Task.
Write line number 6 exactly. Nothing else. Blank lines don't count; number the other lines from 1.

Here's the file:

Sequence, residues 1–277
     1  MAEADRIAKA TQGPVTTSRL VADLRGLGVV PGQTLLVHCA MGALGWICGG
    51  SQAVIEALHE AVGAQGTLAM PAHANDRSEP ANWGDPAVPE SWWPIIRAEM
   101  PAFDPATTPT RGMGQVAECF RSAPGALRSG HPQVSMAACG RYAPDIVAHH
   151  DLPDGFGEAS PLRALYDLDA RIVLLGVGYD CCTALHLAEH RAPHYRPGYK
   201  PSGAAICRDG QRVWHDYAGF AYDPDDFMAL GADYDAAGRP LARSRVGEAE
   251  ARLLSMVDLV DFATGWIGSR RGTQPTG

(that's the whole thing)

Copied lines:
   201  PSGAAICRDG QRVWHDYAGF AYDPDDFMAL GADYDAAGRP LARSRVGEAE